From there we progressed to the saccharine-cute stylings that only the Japanese can still do with a straight face: in many cases covers of disco songs from around the world. (Are we the only people who know disco is dead?) Then there was a rather hallucinatory death-metal performance. I’m still not sure what the hell was going on with all those intestines. After that, an unabashedly pornographic (live-action) music video that included a certain amount of animation…something that felt disturbingly like a cross between West Side Story and the ballroom scene in Rocky Horror…a dead ringer for a transgendered David Lee Roth…and a video that was probably directed by Hunter S. Thompson, someplace deep in Bat Country.

After that, a cover of YMCA by a group of Japanese (evidently gay) guys dressed in Speedos and latex. FAR TOO MUCH INFORMATION.

Must go find a Q-tip long enough to clean my brain.

Paging Alex…

September 19, 2008

Argh! This morning somebody named Alex called on the Be Mused line and left a voicemail–which the voicemail system, in a fit of insanity, destroyed before I could write down the phone number. To complicate matters, the mysterious Alex called from an unregistered number. I am assured by those in charge of such things that Turing himself could not recover that voicemail, no matter whose fault it is.

This is making me crazy. I will admit that I don’t always return calls as quickly as I’d like–but, dammit, I always do return them. Is Mercury retrograde again?

(I just checked: he’s getting ready. Full metrograde is scheduled for next Wednesday. Just in time for final file uploads for SHORN. Oh, shoot me now.)

Ahem. Alex, if you’re reading this, please call me again. The rest of you: please don’t choose the Destroy Message Immediately option on voicemail, no matter how security-conscious you are. I promise your personal information is safe with me.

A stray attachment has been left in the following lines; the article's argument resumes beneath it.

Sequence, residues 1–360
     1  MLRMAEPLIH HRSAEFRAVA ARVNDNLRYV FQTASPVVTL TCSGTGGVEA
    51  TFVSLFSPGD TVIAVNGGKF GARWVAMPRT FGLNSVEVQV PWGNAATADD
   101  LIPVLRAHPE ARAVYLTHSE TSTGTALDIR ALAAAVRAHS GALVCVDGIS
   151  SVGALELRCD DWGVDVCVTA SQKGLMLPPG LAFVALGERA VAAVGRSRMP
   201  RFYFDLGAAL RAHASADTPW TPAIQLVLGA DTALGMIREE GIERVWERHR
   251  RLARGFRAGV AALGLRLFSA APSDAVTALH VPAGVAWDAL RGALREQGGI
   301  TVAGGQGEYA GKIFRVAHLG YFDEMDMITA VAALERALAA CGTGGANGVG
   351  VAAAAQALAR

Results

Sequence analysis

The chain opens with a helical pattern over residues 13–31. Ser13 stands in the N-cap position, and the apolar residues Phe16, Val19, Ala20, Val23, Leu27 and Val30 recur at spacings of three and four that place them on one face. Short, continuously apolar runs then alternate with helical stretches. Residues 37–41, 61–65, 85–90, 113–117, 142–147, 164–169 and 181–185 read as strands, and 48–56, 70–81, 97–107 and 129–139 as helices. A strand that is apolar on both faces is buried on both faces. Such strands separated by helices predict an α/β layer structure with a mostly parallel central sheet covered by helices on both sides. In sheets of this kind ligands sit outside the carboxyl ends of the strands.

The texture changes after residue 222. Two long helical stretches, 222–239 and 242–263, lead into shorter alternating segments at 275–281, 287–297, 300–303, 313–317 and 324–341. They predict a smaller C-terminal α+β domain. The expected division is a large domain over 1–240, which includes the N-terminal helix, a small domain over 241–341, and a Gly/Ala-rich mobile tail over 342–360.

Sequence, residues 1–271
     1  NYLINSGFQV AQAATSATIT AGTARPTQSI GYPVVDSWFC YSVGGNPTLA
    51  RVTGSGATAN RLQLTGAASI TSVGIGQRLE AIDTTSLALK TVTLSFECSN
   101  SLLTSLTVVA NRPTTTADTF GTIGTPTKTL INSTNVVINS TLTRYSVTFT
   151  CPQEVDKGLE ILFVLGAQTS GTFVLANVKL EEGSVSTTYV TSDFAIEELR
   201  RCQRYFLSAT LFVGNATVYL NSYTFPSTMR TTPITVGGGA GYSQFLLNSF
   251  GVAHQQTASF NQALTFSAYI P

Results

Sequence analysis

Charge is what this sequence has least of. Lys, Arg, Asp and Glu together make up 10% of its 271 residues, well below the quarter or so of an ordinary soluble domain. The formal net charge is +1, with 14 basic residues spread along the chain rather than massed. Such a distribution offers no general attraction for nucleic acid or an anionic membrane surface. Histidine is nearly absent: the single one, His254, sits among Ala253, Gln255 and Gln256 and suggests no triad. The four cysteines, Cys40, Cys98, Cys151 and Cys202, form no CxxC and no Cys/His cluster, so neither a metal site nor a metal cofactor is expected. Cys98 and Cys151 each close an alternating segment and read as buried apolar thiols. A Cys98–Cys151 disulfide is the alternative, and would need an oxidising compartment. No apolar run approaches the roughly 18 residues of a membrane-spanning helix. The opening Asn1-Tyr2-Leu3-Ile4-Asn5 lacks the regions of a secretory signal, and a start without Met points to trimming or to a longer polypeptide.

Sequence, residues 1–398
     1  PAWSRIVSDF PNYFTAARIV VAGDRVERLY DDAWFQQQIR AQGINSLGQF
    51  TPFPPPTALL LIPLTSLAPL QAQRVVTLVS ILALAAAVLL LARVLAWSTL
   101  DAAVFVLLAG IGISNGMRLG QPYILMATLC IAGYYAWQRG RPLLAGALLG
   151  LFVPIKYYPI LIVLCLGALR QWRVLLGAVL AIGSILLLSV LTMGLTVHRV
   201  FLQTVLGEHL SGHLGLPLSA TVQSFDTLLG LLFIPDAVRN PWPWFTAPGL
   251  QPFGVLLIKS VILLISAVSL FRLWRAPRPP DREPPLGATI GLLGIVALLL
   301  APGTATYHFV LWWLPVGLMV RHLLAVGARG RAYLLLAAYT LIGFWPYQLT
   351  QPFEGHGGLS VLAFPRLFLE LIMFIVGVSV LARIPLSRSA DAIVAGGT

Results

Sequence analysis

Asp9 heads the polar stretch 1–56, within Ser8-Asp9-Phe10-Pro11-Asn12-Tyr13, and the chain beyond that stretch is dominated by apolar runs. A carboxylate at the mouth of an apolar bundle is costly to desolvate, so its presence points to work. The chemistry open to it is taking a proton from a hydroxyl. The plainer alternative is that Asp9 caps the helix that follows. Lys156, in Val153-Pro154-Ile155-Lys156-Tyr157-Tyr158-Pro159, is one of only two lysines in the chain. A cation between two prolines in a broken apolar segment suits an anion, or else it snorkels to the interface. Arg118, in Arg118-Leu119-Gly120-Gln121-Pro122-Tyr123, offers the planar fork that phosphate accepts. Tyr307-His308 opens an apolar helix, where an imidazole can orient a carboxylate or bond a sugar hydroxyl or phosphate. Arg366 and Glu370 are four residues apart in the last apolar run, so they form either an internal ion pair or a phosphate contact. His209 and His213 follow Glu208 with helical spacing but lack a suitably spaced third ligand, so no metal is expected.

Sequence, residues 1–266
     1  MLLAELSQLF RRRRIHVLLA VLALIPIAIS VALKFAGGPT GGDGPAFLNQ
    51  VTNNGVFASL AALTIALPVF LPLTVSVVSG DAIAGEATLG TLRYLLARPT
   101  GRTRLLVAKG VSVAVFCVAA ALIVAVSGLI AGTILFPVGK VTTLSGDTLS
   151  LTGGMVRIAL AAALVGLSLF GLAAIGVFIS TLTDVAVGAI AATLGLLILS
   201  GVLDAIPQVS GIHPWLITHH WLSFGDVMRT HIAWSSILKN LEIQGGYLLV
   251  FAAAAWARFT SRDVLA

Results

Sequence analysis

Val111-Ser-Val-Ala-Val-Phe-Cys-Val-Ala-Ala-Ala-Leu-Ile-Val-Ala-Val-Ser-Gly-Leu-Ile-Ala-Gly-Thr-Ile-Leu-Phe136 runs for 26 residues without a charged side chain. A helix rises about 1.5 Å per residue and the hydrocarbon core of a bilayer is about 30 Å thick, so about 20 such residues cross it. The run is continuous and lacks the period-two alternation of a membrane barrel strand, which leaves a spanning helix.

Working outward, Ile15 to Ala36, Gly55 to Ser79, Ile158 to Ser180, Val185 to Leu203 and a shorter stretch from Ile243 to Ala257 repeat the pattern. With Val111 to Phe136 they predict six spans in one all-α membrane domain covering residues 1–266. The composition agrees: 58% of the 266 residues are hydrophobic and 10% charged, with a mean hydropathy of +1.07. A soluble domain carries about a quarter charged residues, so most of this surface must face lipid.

Words fail.

September 19, 2008
My favorite contest in a long time:

Large Hadron Collider Renaming Contest | Wired Science from Wired.com

Don’t forget to look at all the nominations, which are by far the funniest.

I too look forward to never accidentally googling “Large Hardon Collider.” *gigglesnort!*

I just hope they hand out the prize before those accidental baby black holes start bubbling up from the center of the earth and KILL US ALL. Cause what good would the prize be then??

OK, back to work on final SHORN proofs.

Love from Library Journal!

September 16, 2008

Color me thrilled! SHORN is in this month’s print version of Library Journal, and they liked it, they really liked it!

“Niec’s debut novel… creates a fascinating world of rival clans and sacred rituals, tainted by a dark, shameful past and subject to predation from its enemies.”

And the money shot…

This is also a coming-of-age story and belongs in most fantasy collections.